Hello all! Hope you’re all starting to get out your warm weather clothes!
This week at Saint Xavier our Muslim group had a Muslim culture week like thing going on. I approached their table and they informed me of some common misconceptions about their heritage, and I ended up participating in the week’s activities. The first, is that opposed to what people may believe, men are not said to be any more superior than women- they are simply stated to be the protectors of their wives. This is how men are generally thought about in our society as well, a husband is supposed to make sure nothing happens to his wife. Another really interesting thing I learned is that Muslim women aren’t forced to wear the hijab. But more so, because I kind of already knew that, they choose to do so at whichever extent they feel comfortable in because it is empowering and makes them feel like it results in more of a personal representation as opposed to physical.
For the week I participated in a dawn to dusk fast while in hijab for four days. I’ve never tried to fast before and can I tell you, it was hard. Especially because in Muslim tradition when one fasts they are not
allowed anything in their body- yes, water is not allowed. However, it also reminded of the power of one’s will and that perseverance is always an option. I am also a practicing Buddhist, every time I felt too hungry to do anything and like I couldn’t make it I would meditate. It was surprisingly easier to be at peace and still while I was fasting. My brain and body were more than happy to have the opportunity to stop thinking and acting not just to take a break, but because I needed to; it instantaneously felt like a release.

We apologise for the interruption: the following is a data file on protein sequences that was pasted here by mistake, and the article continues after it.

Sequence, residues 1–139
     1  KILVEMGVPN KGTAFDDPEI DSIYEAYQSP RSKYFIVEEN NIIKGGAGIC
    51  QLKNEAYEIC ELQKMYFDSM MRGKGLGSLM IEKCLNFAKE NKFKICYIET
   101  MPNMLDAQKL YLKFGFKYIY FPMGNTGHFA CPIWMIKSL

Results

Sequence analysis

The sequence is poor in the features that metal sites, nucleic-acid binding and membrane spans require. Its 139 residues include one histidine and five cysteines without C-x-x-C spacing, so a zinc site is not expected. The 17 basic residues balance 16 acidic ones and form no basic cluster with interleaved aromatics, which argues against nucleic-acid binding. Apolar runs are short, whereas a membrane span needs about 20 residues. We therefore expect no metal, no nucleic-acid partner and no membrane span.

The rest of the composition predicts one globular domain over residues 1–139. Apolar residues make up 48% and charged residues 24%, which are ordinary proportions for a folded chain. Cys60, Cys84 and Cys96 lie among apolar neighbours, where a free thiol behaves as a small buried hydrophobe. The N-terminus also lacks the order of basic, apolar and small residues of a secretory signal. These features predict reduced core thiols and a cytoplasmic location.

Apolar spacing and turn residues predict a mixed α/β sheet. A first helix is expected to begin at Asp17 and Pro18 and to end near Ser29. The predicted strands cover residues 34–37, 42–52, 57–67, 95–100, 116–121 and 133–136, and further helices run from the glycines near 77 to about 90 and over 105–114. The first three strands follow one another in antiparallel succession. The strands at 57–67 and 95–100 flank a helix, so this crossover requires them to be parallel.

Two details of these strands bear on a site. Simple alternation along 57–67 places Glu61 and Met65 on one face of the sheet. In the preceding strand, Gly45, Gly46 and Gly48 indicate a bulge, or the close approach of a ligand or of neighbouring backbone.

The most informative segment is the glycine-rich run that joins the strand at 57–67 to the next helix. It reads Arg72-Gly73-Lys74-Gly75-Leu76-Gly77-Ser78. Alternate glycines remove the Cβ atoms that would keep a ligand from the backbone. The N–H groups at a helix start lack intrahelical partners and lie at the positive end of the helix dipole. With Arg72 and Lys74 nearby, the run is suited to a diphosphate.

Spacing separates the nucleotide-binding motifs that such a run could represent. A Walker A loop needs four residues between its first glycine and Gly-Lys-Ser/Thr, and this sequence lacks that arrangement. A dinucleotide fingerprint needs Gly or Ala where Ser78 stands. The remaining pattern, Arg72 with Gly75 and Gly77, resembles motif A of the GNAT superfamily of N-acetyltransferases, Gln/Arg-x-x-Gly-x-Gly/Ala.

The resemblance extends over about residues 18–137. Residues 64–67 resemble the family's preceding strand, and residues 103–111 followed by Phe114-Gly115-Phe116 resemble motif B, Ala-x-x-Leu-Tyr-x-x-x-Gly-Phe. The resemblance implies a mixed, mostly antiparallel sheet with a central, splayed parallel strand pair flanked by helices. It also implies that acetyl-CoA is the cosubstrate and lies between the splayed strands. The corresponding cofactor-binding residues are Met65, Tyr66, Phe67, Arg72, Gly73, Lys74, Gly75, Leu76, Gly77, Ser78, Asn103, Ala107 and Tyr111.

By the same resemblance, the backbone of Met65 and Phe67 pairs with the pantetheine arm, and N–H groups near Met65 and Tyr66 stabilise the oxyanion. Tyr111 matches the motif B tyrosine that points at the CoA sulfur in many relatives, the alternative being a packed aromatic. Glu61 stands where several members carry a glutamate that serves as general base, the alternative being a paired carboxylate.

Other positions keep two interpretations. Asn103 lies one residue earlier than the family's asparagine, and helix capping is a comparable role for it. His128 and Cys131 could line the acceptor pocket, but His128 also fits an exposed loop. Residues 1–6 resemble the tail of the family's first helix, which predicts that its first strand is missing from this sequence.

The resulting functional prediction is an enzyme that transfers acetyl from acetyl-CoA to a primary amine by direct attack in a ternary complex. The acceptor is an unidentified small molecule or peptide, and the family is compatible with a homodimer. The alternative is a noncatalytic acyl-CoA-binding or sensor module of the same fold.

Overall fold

Another thing that I did differently this week to observe and gain insight into the Muslim culture was wear hijab. I do so by wearing my long skirts with some of my more baggy tops. This was interesting because people could physically see that I was doing something differently. I would catch people who were giving me weird looks and some of them even said something. Maybe they weren’t even being mean or rude, my male Muslim friend in passing said to me “wait, I’m confused.” It ultimately did the same for me as it did for others: culture shock. I appreciate Muslim women in hijab so much more now. It is in fact empowering. There is a sense of both being refined and mystery. I had a heightened sense of awareness for, as weird as this may sound, my head; I felt proud. However, there is of course the inevitable judgments of others and failure to understand the nature of our differences.
Don’t be afraid to try something new! Especially when it comes to exploring more about the human race from a different spectrum. I find myself appreciating our species and feeling insightful more and more after every expierence I choose to take advantage of!
‘Til next time!